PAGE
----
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MVC Power Shift to Illinois

(St. Louis, MO) – There is a massive power shift going on in the Missouri Valley Conference. After two decades of the league’s power base residing in Nebraska (Creighton), Kansas (Wichita State) or Iowa (Northern Iowa), the State of Illinois has become the center of the MVC universe.

The Valley’s four Illinois-based teams find themselves occupying all the top spots in the MVC standings. First place Loyola (19-5, 9-3) picked third in the league’s pre-season poll leads second place, and injury-riddled Southern Illinois (16-9, 8-4), who was picked fifth.

There is a three-way tie for third place as Bradley (17-8) and Illinois State (13-11) are knotted up with Iowa-based Drake (13-12) at 7-5.

How did the balance of power move to the ‘Land of Lincoln’?

Coaches Building Programs

Dan Muller

As Creighton was playing its final season in the Valley, Dan Muller and Barry Hinson were coaching their first seasons at Illinois State and Southern Illinois respectively. The following season Loyola and head coach Porter Moser joined the league. Bradley’s Brian Wardle is coaching in his third season in Peoria.

Wardle built his team with freshmen and creating a culture at Bradley. The Braves have increased their win total every season, from five to 13 to this year’s 17 and counting. Muller produced five straight seasons of 18 or more wins, including last year’s co-championship.

It took a couple of seasons for Hinson to get his program heading in the right direction, but after seasons of 14, 14 and 12 wins, the Salukis tallied 39 victories over the past two seasons and the Egyptian Dawgs have tallied 16 this year, with six conference games and Arch Madness left to play.

Porter Moser

Loyola’s Moser has been working to create a ‘Chicago Identity’ by recruiting Chicago players to his down town campus. The Ramblers’ first season in the Valley resulted in a last place finish and have never achieved a winning conference record, but Moser has patiently built a roster that could compete in Valley play.

Wardle’s freshmen have turned into productive and winning juniors. While Moser has an impressive freshmen class the heart-soul of this year’s league leading squad is junior/senior dominated.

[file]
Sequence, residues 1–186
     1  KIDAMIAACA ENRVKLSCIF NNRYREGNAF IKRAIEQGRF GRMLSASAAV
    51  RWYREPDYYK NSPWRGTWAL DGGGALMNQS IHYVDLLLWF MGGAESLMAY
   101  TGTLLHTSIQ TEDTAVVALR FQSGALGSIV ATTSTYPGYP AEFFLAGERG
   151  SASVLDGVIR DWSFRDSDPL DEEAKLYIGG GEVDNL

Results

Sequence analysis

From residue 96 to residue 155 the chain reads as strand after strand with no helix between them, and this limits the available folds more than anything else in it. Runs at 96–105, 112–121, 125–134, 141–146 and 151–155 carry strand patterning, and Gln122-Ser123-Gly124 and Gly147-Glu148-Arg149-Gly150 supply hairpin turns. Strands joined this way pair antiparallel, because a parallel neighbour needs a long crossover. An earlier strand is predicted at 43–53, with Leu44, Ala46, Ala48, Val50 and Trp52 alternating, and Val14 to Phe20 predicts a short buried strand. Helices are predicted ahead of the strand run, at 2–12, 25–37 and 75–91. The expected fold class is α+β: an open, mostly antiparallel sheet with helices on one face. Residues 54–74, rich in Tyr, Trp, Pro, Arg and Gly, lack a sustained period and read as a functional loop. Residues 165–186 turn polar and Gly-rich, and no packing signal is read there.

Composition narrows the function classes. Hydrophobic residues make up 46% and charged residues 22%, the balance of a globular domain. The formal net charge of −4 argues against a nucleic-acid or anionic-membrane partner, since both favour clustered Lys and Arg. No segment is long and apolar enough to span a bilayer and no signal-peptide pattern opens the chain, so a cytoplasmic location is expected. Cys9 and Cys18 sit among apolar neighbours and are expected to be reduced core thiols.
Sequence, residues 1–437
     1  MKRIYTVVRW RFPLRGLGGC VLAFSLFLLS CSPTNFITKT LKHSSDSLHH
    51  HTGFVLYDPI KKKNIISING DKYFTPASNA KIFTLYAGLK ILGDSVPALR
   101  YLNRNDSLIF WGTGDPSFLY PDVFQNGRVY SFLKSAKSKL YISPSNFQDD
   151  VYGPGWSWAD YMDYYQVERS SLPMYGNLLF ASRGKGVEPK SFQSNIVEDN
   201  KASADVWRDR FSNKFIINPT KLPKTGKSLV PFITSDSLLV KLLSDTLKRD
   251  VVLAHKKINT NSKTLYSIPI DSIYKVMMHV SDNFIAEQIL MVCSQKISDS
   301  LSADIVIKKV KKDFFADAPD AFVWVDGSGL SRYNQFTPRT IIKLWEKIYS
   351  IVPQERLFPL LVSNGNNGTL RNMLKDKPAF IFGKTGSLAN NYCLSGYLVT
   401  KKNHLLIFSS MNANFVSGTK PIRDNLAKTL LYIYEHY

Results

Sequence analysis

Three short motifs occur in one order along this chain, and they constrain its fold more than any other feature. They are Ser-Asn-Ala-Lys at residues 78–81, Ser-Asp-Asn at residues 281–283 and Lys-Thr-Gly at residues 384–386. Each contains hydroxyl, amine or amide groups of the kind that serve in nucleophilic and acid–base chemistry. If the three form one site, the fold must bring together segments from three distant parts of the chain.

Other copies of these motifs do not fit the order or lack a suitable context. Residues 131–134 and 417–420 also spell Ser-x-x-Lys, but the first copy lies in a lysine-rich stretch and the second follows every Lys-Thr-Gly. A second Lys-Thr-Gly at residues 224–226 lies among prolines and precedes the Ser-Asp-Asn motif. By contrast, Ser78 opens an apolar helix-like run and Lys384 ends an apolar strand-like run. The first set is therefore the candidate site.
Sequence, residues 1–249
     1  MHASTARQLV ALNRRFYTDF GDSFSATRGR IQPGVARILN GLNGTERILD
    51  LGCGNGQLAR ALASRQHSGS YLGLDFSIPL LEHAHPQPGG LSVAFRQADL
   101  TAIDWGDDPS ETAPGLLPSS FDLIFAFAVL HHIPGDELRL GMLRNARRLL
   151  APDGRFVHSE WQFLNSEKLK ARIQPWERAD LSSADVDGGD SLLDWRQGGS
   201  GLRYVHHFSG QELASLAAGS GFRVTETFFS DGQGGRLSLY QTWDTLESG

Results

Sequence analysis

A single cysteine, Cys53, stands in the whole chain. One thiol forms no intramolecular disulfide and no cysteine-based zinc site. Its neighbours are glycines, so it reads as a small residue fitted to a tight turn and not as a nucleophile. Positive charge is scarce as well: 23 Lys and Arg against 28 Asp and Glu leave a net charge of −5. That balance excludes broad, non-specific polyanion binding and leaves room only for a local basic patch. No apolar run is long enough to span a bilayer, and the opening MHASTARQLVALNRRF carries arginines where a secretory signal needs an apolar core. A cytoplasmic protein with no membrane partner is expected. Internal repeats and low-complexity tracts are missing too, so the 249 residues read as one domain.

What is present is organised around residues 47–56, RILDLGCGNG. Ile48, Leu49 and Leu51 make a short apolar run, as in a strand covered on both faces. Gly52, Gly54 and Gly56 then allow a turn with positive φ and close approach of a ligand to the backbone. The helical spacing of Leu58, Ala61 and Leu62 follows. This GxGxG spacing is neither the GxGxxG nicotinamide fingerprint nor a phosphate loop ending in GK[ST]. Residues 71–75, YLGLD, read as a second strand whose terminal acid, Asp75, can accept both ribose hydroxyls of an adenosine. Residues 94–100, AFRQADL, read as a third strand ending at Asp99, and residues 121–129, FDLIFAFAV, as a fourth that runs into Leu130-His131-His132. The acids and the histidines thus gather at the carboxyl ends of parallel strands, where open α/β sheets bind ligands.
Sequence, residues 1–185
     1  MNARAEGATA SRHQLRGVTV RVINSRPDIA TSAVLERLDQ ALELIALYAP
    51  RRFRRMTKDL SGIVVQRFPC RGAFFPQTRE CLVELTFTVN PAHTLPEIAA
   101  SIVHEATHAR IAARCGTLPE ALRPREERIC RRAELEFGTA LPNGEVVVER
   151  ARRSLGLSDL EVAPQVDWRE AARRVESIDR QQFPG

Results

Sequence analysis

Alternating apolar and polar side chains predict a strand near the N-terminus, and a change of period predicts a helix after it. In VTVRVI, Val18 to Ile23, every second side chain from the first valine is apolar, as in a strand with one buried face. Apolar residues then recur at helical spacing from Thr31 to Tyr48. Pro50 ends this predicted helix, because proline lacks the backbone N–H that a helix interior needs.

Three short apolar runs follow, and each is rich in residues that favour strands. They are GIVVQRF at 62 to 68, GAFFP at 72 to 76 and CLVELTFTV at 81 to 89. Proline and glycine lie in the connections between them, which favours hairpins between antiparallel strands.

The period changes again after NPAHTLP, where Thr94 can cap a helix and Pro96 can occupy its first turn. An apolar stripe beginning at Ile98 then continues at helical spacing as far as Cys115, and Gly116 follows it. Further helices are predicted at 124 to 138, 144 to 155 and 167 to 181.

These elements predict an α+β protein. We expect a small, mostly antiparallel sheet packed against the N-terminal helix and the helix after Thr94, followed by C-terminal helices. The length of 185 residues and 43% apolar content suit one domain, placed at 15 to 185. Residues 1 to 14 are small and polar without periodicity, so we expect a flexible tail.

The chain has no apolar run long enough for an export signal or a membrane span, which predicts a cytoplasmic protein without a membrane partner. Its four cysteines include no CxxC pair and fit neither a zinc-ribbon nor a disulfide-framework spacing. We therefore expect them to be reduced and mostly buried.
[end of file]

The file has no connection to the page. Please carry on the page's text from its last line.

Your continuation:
Hinson’s Salukis have learned to play ‘Barry Ball’ which includes tough defense and responsible offensive possessions. Even during an up down season for Muller’s Redbirds, they are in the thick of the conference race and have posted non-conference victories over South Carolina and Mississippi.

What you see in each of these programs, is the stacking of recruiting classes, seasoned with transfers where needed, and coaches that are taking the assertive leadership role. Make no mistake, when you think of each of these programs you think of the coach and their way of doing things, more than any of the individual players.

Unlike the NBA, that is a star driven league, the college game is all about the coaches. We know Duke will be great because of ‘Coach K’. You expect Michigan State to be a tough-minded, glass-crashing team because you know about Tom Izzo.

It’s no different in the Missouri Valley Conference. The league has always been known as a ‘coaches league’ and this year and this shifting power base points that out.

This in no way demeans, the coaches in Indiana, Missouri or Iowa. The coaches at Valparaiso, Evansville, Indiana State, Missouri State, Drake and Northern Iowa have all accomplished impressive things, but what is clear is that the energy in the league is found in Illinois.

That may bode well for attendance at Arch Madness 2018. Other than Missouri State, those Illinois schools reside closest to downtown St. Louis. A growing rivalry between Loyola and Illinois State could spice things up. The revival of the ‘War on 74’ (Bradley and ILS) is also a juicy additive.

This year’s ‘Battle for Illinois’ (which also involves the women’s programs) has also added interest in the connection of the four Illinois-based teams.

The balance of power has shifted. How will other programs adjust and compete? Their solid coaching staffs and programs will respond. I believe we are in for a great era of Missouri Valley Conference basketball.

Do Good


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